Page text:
Our Kids Need Us To Take a Stand

A couple of nights ago during dinner, my daughter saw a letter from a local organization called REbel. They work in middle and high schools to address body image issues and eating disorders. The organization makes a difference in hundreds of lives every year, impacting student's self-confidence and understanding of beauty. Makenna read the letter and asked what it was about. She is just six and in the first grade. While I can already see how her self image is impacted by what kids say at school, she is still a little young to fully grasp self confidence and what it means. Just that day, I found her in bed crying because a fellow student had laughed at her when she said she had a step-mom. 

My natural reaction to her question about REbel was to tell her that they work with kids in schools and to leave it at that. Too difficult to explain and maybe too deep for them to understand, was my thought.

Thankfully Chesney, my fiance, has much better instinct on this than I do. She began to share about the work they do. She explained, "as girls get older they some times start to question what they can accomplish in life or worry about how they look or feel bad about how much they weigh. This group talks to girls about how they can be anything they want. They can be President of the United States if they want! Fitting into what other people say to us doesn't matter, what is inside matters the most"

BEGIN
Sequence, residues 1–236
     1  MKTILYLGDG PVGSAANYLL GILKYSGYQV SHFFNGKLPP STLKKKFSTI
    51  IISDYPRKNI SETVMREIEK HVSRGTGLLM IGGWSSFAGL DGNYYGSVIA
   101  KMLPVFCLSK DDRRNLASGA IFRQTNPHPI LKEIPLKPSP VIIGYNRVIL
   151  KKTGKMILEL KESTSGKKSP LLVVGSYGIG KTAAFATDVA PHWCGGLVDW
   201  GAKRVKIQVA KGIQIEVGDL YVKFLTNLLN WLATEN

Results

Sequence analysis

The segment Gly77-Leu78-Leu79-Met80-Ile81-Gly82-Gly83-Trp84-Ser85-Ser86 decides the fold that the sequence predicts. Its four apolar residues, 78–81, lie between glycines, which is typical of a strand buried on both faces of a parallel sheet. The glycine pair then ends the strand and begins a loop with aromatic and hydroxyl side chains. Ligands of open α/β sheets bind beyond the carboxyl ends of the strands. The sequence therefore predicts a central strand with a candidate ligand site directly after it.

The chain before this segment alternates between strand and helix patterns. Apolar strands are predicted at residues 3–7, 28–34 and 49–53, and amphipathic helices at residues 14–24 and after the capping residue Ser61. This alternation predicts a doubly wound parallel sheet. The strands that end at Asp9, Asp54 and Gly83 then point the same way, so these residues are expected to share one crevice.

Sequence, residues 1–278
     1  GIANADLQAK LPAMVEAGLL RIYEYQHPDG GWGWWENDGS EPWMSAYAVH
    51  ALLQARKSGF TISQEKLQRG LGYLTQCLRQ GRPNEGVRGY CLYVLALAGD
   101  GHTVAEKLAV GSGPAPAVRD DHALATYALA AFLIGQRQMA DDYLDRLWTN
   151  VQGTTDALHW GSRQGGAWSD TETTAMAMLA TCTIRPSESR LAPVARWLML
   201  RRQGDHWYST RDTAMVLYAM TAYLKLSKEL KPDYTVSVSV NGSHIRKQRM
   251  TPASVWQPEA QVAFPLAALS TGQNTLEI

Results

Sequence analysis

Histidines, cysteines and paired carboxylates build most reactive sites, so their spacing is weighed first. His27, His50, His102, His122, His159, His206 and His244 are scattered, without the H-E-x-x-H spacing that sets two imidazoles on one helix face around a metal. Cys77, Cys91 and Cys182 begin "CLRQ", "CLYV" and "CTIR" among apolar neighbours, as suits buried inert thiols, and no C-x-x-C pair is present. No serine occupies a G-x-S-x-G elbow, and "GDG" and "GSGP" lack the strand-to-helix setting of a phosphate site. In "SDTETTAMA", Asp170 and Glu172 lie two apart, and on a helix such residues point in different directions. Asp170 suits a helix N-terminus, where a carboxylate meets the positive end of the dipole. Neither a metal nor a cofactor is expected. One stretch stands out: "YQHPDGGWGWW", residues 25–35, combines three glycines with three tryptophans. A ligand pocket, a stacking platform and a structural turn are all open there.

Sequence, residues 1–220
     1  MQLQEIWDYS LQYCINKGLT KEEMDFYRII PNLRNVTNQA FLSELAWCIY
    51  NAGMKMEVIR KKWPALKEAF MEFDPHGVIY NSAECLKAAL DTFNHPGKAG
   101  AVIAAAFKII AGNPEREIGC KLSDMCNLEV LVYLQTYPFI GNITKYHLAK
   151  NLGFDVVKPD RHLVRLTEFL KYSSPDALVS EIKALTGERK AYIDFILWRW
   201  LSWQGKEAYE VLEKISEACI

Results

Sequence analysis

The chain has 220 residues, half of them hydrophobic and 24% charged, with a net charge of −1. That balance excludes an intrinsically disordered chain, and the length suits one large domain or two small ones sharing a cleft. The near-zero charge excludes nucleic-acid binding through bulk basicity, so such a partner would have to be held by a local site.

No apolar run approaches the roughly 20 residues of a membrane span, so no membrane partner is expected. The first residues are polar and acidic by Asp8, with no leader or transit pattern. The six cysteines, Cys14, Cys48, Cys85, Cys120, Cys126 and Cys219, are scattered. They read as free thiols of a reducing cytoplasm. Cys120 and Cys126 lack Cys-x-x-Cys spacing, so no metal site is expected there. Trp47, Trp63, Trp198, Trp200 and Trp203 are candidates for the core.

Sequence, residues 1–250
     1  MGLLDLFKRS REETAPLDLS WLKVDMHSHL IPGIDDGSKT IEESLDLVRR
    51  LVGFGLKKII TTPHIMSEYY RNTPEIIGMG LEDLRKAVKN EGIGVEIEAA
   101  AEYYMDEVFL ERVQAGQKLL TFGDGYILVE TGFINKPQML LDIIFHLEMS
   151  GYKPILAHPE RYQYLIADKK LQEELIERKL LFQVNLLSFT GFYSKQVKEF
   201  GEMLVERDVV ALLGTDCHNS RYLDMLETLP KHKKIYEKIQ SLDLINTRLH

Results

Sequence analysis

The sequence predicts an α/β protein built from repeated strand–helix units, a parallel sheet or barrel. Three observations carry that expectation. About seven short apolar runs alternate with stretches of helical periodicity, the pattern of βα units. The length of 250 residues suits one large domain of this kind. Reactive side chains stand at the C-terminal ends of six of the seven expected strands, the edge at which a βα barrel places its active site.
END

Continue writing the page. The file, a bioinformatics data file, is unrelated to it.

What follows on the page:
I was blown away. Actually, I'm still blown away. She gracefully explained a very difficult topic to a 6 year old, in words that could be understood and she reinforced Makenna's self confidence while she did it. It was simply amazing. 

As soon as the girls went to bed, I turned the TV to the day's political coverage and quickly back to our reality. We have a candidate for President that at every possible opportunity is degrading and offensive to a majority of people. Every compliment he pays a woman is about her looks, every criticism is name calling and also...about her looks. His son was quoted recently as saying women that can't handle harassment don't belong in the workplace. 

This is a family that in offends me in every possible way. Their attacks on women don't just impact my daughters, they impact all of our kids, girls and boys alike. They like to argue this is about too many people being "politically correct", but that is a garbage argument. Political correctness isn't a liberal agenda to soften America. It's a human agenda to demand respect for all people. Being aware of our words and our actions and how they impact other people isn't about ignoring the truth to make other people feel good, it is about stepping outside of ourselves to see the truth. 

I clearly have hopes for how this election turns out. But with either result, we are at a critical time for the lessons we show are children. There will be anger and uproar on either side come November 9th. It is time we take a vocal stand for the world we want them to grow up in. It is time we have difficult conversations on all sides and all topics to build a world that is less divisive. It is time we actually hear the opinions of others, regardless of our own. It is time we do more building up than we do tearing down.